Human rights organisations alarmed over recent persecution of Ahmadiyya community in Pakistan

Islamabad [Pakistan]: Many international human rights organisations are alarmed over the recent persecution of the Ahmadiyya community in Pakistan.
The International Forum for Right and Security (IFFRAS) said that the organisations are documenting the systematic persecution endured by the Ahmadiyya Muslim community at the hands of religious extremists and state institutions. In the latest incident, a Khatm-e-Nabuwat Conference that was held on September 12 under the aegis of Jamiat-e-Ulema Pakistan, presided over by JUP (Punjab) Deputy President Maulana Hafiz Muhammad Saleem and the Ulema, demanded that the government remove Qadinias (Ahmadiyyas) from key posts.
The Ulema said that Qadinias deny the end of the Prophethood and are traitors of Islam, said IFFRAS.
Earlier, some radical Muslim clerics even opposed the burial of an Ahmadiyya woman in the local graveyard in Safdarabad, Sheikhupura district in Punjab on June 6, leading to violent clashes between the two sides.
Incidentally, dedicated Ahamdiyya graveyards in Pakistan are even kept locked most of the time for fear of the graves being destroyed by extremists.
An Ahmadiyya mosque was demolished in July by Tahreek-e-Labbaik Pakistan (TLP) extremists in connivance with local police in the Faislabad district.
Pakistan’s media reports also mentioned that various Islamic clerics like Amir of Tahreek-e-Dawat-e-Haq Pakistan, Peer Allama Muhammad Ashgar Noorani, castigate the Ahmadiyyas for distorting ‘the Islam faith’ and have called on Western countries to stop considering them as part of the Muslim community, reported IFFRAS.
The Ahmadiyya Muslim community persecution in Pakistan has been highlighted by the international community.
Siobhain McDonagh MP, Chair of the All-Party Parliamentary Group for the Ahmadiyya Muslim Community, UK, in a letter (Dec 2020) to the Pakistan High Commissioner in the UK, expressed concern over reports of efforts to target, harass and persecute Ahmadi Muslims, including the murder of an Ahmadi doctor in Punjab and killing of two Ahmadis in Peshawar in October and November 2020.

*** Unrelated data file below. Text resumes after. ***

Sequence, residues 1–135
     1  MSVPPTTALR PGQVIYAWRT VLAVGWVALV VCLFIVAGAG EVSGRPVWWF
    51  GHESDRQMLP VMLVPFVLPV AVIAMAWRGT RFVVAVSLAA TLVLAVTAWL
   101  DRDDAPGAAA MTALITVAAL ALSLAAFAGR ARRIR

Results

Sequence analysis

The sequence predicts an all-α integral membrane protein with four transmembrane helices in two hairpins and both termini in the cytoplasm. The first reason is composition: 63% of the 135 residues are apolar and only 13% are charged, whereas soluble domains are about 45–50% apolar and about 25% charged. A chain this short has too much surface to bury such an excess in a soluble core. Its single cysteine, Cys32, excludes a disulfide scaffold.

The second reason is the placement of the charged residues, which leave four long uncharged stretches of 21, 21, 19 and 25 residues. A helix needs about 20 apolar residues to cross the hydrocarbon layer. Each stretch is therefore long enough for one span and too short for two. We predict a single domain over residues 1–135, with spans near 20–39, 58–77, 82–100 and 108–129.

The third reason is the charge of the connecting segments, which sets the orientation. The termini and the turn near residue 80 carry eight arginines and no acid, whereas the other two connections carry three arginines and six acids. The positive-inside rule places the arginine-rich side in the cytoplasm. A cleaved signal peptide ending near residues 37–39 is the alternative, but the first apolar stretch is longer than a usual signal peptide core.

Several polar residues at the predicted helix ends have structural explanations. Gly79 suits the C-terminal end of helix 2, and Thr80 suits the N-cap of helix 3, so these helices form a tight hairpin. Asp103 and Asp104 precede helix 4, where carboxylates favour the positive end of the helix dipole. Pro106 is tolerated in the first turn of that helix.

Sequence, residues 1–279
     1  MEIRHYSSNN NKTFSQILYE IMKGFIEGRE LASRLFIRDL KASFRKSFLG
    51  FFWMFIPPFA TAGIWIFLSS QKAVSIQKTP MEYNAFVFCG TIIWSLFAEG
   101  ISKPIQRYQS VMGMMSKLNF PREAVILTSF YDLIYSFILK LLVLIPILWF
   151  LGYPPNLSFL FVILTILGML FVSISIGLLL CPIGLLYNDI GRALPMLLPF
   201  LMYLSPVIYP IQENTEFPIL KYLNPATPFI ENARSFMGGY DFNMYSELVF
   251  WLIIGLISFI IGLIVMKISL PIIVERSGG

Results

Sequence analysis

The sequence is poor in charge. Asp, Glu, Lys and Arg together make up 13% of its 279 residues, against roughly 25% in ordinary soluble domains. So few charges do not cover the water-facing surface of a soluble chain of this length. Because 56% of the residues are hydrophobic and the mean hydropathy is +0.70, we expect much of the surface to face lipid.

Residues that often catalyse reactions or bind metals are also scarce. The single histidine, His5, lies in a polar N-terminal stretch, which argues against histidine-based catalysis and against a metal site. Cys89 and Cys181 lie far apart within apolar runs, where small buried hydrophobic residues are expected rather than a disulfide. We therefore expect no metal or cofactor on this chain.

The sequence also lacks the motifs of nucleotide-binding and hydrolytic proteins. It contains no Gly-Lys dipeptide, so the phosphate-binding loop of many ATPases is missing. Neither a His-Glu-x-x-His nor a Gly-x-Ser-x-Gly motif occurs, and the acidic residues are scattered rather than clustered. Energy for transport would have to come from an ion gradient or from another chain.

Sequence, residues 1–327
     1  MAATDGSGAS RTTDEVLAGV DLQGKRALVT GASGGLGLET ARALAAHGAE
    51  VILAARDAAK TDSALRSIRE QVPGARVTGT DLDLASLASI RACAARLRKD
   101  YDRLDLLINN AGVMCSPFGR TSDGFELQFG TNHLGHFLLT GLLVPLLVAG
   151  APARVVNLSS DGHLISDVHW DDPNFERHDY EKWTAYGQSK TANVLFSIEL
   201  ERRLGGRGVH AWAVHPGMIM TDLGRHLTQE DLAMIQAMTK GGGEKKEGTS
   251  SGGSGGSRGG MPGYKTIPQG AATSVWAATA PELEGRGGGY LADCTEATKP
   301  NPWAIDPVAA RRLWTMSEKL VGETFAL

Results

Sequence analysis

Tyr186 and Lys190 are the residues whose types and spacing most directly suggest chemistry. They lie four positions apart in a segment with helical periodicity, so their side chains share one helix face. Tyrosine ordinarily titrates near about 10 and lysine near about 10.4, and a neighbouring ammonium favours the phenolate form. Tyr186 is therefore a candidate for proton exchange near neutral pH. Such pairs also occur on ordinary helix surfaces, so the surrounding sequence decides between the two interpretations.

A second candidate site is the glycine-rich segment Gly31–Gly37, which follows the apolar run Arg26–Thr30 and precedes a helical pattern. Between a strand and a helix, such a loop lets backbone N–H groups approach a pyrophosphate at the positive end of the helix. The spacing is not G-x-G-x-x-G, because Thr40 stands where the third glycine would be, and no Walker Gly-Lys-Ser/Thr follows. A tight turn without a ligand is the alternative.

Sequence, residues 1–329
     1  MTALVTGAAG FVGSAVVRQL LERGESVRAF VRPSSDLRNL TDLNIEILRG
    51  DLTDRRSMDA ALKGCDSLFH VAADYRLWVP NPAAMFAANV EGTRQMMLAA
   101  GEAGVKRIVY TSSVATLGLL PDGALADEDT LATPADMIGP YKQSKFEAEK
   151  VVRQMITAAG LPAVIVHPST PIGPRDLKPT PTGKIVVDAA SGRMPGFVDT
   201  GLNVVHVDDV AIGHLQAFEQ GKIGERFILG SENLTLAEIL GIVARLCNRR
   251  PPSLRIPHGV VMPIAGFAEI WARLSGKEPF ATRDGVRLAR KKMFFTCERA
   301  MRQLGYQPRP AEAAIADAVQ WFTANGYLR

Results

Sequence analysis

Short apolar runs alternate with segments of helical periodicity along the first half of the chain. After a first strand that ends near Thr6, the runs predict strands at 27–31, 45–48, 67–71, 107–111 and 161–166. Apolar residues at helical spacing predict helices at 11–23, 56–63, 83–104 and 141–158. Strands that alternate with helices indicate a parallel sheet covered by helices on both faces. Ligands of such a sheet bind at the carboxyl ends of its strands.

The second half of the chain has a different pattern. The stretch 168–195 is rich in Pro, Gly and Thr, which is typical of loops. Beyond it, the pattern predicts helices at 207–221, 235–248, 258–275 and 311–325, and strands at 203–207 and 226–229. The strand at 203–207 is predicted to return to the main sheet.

Similarly, US Senators Richard Blumenthal and John Cornyn also expressed concern in February and objection over the ‘continued and escalating persecution of the Ahmadiyya Muslim community in Pakistan,’ including exploitation of cyber and blasphemy laws to target ‘an already persecuted religious minority.’
They underlined that six Ahmadiyya Muslims, including one US citizen, had been killed in Pakistan in the last six months, while another Ahmadi had died in prison facing charges for blasphemy, reported IFFRAS.
They pointed out that Pakistani lawmakers, far from condemning these atrocities, instead praised the killers, both in the Parliament and on social media, further inflaming anti-Ahmadi bias.
They called on the Pakistan government to take immediate action to protect one of their most vulnerable religious communities, drop baseless charges pending against senior Ahmadi Muslim leaders and end discrimination towards the community, reported IFFRAS.
David Hartman, Director General of South Asia of Global Affairs Canada in February had also taken up the issue of criminal cases registered against members of the Ahmadiyya community with Pakistan High Commissioner in Canada, reported IFFRAS.

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